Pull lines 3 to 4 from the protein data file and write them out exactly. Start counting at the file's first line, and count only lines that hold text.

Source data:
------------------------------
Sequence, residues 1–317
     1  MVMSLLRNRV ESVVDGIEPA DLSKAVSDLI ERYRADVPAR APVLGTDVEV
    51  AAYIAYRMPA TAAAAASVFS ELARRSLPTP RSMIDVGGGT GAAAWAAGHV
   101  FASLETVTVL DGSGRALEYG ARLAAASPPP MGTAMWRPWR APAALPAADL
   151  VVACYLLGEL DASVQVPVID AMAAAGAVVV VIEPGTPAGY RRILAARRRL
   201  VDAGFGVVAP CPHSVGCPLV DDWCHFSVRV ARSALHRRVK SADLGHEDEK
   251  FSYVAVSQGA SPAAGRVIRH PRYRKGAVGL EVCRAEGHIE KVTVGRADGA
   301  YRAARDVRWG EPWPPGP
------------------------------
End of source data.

    51  AAYIAYRMPA TAAAAASVFS ELARRSLPTP RSMIDVGGGT GAAAWAAGHV
   101  FASLETVTVL DGSGRALEYG ARLAAASPPP MGTAMWRPWR APAALPAADL